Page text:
We are deeply grateful for the wisdom of the Advisory Council of the Palestine Program for Health and Human Rights, and for the extraordinary work of the staff and leadership of our partnering institutions at the Institute of Community and Public Health at Birzeit University and the François-Xavier Bagnoud Center for Health and Human Rights at Harvard University.

*All authors contributed equally to this work.

Yara M. Asi, PhD, is an assistant professor at the School of Global Health Management and Informatics, University of Central Florida, Orlando, United States.

Weeam Hammoudeh, PhD, MPH, is an assistant professor at the Institute for Community and Public Health, Birzeit University, Palestine. 

David Mills, MD, is an instructor in pediatrics at Harvard Medical School and faculty affiliate at the François-Xavier Bagnoud Center for Health and Human Rights at Harvard University, Boston, United States. 

Osama Tanous, MD, is a pediatrician and public health scholar, a board member of Physicians for Human Rights Israel and B’Tselem, and a policy analyst for Al Shabaka, Palestine. 

Bram Wispelwey, MD, MS, MPH, is an instructor at Harvard Medical School and Harvard T.H. Chan School of Public Health, Boston, United States, and co-founder of Health for Palestine, Palestine. 

The guest editors are the Leadership Collective of the Palestine Program for Health and Human Rights, Birzeit, Palestine, and Boston, United States.


  1. L. Simpson, “Anticolonial Strategies for the Recovery and Maintenance of Indigenous Knowledge,” American Indian Quarterly 28/3/4 (2004).
  2. R. Khalidi, The Hundred Years’ War on Palestine: A History of Settler Colonialism and resistance, 1917–2017 (New York: Metropolitan Books, 2020).
  3. D. Chernichovsky, B. Bisharat, L. Bowers, et al., The Health of the Arab Israeli Population: State of the Nation Report 2017 (Jerusalem: Taub Center, 2017); K. Muhsen, M. S. Green, V. Soskolne, et al., “Inequalities in Non-communicable Diseases between the Major Population Groups in Israel: Achievements and Challenges,” Lancet 389/10088 (2017).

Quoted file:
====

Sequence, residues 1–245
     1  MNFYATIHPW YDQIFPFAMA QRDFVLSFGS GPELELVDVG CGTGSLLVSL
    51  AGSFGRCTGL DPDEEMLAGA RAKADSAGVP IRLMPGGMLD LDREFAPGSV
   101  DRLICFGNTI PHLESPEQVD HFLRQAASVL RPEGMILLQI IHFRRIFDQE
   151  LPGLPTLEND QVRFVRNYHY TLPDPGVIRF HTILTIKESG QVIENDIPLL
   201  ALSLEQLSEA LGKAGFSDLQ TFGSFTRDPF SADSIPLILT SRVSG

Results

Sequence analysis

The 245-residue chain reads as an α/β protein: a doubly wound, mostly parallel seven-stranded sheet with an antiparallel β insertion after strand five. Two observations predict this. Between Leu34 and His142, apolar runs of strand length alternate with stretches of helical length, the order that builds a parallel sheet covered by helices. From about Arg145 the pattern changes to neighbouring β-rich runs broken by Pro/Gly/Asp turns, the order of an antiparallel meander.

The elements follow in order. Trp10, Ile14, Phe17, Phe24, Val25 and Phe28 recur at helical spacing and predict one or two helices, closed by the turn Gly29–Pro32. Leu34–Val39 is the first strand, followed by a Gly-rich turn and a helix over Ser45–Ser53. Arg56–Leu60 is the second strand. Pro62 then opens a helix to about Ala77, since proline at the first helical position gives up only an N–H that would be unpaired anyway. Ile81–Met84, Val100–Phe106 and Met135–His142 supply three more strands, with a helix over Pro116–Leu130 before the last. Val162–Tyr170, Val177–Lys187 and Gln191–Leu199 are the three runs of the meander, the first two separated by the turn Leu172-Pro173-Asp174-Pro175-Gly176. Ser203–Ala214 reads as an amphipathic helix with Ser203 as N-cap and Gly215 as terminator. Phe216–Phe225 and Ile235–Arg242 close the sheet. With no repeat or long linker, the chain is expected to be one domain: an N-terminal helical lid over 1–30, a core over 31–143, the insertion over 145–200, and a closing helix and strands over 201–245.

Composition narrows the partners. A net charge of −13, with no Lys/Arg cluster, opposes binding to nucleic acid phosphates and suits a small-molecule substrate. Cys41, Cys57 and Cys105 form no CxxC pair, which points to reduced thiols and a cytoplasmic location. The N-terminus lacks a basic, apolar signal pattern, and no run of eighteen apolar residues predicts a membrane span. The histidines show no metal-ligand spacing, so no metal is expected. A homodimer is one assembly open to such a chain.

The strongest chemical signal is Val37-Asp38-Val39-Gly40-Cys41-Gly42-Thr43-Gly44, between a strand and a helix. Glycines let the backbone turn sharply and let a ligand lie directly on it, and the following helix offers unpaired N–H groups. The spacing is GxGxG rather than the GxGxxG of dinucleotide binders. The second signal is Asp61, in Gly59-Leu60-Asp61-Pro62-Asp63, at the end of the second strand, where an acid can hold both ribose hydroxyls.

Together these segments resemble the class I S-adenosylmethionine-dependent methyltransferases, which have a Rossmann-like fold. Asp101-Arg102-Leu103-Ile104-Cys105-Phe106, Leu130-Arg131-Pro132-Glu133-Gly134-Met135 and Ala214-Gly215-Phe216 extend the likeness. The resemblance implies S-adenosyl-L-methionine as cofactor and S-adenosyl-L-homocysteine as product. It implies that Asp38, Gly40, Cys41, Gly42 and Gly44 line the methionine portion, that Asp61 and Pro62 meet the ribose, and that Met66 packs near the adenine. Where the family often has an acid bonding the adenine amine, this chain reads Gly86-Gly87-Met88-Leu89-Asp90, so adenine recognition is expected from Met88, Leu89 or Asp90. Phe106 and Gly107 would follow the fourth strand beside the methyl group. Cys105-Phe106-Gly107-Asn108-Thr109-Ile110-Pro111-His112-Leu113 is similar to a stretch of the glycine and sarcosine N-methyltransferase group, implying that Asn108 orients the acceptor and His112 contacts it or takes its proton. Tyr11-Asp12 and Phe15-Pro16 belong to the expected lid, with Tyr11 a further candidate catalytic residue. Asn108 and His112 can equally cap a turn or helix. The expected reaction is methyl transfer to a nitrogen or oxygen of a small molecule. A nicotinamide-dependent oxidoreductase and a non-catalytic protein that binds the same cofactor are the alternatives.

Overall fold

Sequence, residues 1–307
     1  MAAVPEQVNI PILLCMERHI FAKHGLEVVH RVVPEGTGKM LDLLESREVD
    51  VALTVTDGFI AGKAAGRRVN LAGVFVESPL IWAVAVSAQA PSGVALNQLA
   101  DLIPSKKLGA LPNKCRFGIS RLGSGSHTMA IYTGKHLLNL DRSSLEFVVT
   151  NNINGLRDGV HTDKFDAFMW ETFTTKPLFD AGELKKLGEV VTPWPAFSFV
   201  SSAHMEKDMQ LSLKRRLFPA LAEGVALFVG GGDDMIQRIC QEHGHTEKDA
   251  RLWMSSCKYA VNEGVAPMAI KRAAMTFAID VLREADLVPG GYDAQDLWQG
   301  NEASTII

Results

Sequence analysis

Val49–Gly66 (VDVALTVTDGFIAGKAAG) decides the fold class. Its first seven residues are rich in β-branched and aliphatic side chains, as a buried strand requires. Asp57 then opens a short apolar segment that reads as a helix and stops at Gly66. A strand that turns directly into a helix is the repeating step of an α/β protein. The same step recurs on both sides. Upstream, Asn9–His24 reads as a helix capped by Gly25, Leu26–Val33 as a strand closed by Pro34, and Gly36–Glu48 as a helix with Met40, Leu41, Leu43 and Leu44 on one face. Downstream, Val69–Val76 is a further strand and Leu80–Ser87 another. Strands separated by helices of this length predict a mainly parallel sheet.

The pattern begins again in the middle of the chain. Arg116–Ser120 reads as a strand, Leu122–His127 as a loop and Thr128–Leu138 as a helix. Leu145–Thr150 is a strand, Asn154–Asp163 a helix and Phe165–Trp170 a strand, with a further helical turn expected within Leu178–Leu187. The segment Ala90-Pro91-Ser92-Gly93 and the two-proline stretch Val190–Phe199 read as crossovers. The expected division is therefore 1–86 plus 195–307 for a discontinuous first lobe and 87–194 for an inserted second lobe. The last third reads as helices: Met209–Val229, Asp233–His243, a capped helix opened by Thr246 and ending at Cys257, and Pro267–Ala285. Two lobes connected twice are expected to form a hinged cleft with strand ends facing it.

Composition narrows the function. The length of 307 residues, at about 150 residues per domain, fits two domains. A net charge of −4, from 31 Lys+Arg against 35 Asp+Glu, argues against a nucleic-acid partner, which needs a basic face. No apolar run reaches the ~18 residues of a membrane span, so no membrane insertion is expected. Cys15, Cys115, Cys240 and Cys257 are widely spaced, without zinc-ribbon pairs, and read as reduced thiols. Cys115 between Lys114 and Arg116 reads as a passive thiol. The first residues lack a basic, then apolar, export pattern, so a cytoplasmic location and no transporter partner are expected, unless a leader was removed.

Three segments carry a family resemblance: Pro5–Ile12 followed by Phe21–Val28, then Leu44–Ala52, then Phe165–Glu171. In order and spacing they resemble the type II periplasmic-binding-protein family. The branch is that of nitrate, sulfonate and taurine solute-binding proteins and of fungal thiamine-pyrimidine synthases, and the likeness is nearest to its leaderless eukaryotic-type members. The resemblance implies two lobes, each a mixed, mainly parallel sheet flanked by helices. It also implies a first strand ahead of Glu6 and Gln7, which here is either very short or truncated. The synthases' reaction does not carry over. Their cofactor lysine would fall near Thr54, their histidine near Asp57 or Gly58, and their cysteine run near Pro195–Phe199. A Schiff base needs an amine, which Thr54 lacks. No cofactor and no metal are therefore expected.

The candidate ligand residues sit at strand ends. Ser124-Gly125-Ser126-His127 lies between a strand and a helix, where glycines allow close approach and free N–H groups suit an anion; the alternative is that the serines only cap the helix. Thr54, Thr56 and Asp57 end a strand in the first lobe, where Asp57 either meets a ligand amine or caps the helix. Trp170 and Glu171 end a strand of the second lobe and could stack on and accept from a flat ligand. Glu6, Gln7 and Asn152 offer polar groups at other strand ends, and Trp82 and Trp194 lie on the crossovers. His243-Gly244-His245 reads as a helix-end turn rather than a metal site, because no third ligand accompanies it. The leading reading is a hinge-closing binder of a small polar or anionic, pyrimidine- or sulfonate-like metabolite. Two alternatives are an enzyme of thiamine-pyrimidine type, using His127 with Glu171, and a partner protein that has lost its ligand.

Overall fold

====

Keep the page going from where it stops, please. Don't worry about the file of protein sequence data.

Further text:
4. H. Yacobi and E. L. Milner, “Beyond ‘Causes of Causes’: Health, Stigma and the Settler Colonial Urban Territory in the Negev/Naqab,” Urban Studies 59/3 (2022).
  5. O. Manor, K. Skorecki, and A. M. Clarfield, “Palestinian and Israeli Health Professionals, Let Us Work Together!,” Lancet Global Health 8/9 (2020); Z. Hagay, “Israeli Aid to the West Bank and the Gaza Strip during the COVID-19 Pandemic,” Lancet 396/10255 (2020).
  6. O. Tanous, “The Dilemmas of Practicing Humanitarian Medicine in Gaza,” Middle East Research and Information Project (2020), https://merip.org/2020/12/the-dilemmas-of-practicing-humanitarian-medicine-in-gaza/.
  7. Y. Asi, “Aid to Palestinians Has Failed. Here’s How to Fix It,” New Humanitarian (May 3, 2022), https://www.thenewhumanitarian.org/opinion/2022/05/03/aid-to-palestinians-has-failed-heres-how-to-fix-it.
  8. W. Hammoudeh, H. Kienzler, K. Meagher, et al., “Social and Political Determinants of Health in the Occupied Palestine Territory (oPt) during the COVID-19 Pandemic: Who Is Responsible?,” BMJ Global Health 5/9 (2020); B. Wispelwey, R. Muhareb, and M. Gilbert, “Permission to Narrate a Pandemic in Palestine,” Middle East Policy 27/2 (2020); S. Asaad and R. Muhareb, “Dismantle What? Amnesty’s Conflicted Messaging on Israeli Apartheid,” Institute for Palestine Studies (2022), https://www.palestine-studies.org/en/node/1652565; Amnesty International, Israel’s Apartheid against Palestinians: Cruel System of Domination and Crime Against Humanity (London: Amnesty International, 2022).